Huntingburg furthers quest for home-repair funding


HUNTINGBURG — The Huntingburg Common Council held a public hearing Monday on its plan to apply for a $350,000 grant from the Indiana Housing and Community Development Authority’s Owner-Occupied Rehabilitation Program.

The goal of the Owner-Occupied Rehabilitation Program is to give homeowners financial assistance to make needed repairs to their homes. A local government determines which homes will be funded, and then applies for the funding from the state.

No members of the public commented during the hearing, and it was decided to send a grant application to the state. Council members also decided the Southern Indiana Development Commission, Loogootee, would be the administrator of the program. If the grant is approved, Southern Indiana Development would get $82,950 for grant administration, program delivery, and lead-based paint and environmental review services.

The grant rehabilitation program does not involve any payback requirements. It is targeting low-income households, the disabled, seniors, veterans, homes that have children age 6 and younger and single-parent households.

The city had said the $350,000 could cover work to about 14 homes, depending on the amount of repairs needed to each home. So far, Clerk-Treasurer Tom Dippel said, about 20 households have applied.

The maximum amount that can be spent on repairing any one home under the program is $25,000. Repairs that qualify are those that are done for health and safety reasons, such as electrical, roofing, siding and heating/ventilation/air conditioning work. Outdoor ramps and accessible bathrooms have also been installed through the program.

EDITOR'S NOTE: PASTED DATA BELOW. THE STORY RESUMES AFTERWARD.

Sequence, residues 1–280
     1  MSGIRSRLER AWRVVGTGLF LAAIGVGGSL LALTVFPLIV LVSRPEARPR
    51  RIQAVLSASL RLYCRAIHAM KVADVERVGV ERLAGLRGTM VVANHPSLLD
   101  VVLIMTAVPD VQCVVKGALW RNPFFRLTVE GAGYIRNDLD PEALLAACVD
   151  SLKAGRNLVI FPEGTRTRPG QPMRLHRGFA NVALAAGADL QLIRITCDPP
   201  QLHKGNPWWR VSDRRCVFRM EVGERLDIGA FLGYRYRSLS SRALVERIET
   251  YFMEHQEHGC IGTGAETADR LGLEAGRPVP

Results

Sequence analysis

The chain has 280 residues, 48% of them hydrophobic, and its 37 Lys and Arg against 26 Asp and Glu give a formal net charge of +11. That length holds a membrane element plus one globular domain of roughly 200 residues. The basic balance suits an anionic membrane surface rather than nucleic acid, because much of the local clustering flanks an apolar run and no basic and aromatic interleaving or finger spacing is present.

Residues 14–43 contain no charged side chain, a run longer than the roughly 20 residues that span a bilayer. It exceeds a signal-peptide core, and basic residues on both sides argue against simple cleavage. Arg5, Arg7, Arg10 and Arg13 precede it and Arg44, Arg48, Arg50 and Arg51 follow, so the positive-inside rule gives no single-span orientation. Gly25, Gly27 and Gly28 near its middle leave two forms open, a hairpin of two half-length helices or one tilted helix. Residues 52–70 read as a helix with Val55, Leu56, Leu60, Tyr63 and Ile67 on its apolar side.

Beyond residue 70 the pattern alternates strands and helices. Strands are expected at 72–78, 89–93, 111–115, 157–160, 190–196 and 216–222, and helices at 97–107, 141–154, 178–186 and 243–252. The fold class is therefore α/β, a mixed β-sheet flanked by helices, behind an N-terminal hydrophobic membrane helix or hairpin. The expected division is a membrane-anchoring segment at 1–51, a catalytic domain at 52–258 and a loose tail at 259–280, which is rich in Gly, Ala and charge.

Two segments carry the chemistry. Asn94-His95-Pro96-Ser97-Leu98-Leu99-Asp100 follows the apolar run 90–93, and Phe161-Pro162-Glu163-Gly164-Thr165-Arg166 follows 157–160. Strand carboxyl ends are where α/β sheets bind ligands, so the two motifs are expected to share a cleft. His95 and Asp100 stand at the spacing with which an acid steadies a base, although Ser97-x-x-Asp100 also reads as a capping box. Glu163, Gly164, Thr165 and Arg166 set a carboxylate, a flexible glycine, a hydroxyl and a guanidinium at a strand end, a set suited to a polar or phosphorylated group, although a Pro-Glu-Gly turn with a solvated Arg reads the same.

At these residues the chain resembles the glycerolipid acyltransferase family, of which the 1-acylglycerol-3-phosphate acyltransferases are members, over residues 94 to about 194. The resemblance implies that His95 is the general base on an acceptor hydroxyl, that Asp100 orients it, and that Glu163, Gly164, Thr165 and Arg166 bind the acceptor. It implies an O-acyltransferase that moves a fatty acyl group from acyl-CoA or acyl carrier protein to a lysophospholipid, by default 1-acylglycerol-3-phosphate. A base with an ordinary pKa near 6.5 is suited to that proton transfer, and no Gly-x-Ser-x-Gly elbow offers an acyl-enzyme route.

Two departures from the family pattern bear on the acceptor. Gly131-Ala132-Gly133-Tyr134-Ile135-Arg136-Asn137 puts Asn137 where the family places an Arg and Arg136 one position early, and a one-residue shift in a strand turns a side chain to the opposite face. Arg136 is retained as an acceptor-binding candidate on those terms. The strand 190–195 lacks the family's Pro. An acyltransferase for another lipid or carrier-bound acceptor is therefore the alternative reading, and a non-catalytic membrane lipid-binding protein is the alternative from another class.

Those who applied for repairs must own the home, be living in it and have property insurance, though the program might be able to work with them if they don’t have insurance because of things that need to be repaired on the home. An inspection of the home will be done, and the wishes of the homeowner will be considered in determining what needs to be repaired.

If the state approves the city’s application, the common council will be hiring contractors to make the repairs. The Southern Indiana Development Commission will be the liaison between the contractor and homeowners.

Dippel said the city will provide a local financial match of at least $15,000 for the grant, which is money left over from similar rehab programs dating back to the 1990s.

Applications from government agencies are due to the Indiana Housing and Development Authority by Dec. 17. The authority could announce the awards as early as March.

Also Monday, the council:

• Heard findings and options from a recent cost-benefit analysis on the city’s waste transportation system compiled by the Indiana Sustainability Development Program and Indiana University. Currently, a couple of local contractors are registered with the city to provide curbside trash disposal.

• Approved advertising for a street department full-time mechanic. A part-time mechanic recently retired. The street department will pay 50 percent of the full-time mechanic’s salary, with the other half being divided between other departments within the city.

• Approved the electric department’s purchase of a small dump truck from Sternberg Ford, Dale, at a cost of $48,995.

• Ordered the purchase of $35,025 worth of underground wire to replace stocks from Brownstown Electric Supply.

• Received a proposal on electric utility tap fee revisions from Energy Superintendent John Reutepohler. Water Superintendent Gary Meyerholtz is proposing similar tap fee revisions, so it was decided Mayor Denny Spinner will meet with Meyerholtz and Reutepohler to craft a recommendation for the council.

• Heard that, in March, the Patoka Lake Regional Water and Sewer District will raise the rate per 1,000 gallons of water on the Phase I line from $1.78 to $2.43, and increase the per-1,000-gallon cost on the Phase V line from $2.61 to $3.02. The city will work with a rate consultant to possibly implement a rate-tracker to pass on those increases on to customers.

• Heard Greg Buening has been hired as a new water department employee.

• Learned construction on a workforce housing development at the former Wagon Works site at 419 N. Washington St. should resume in January.

More on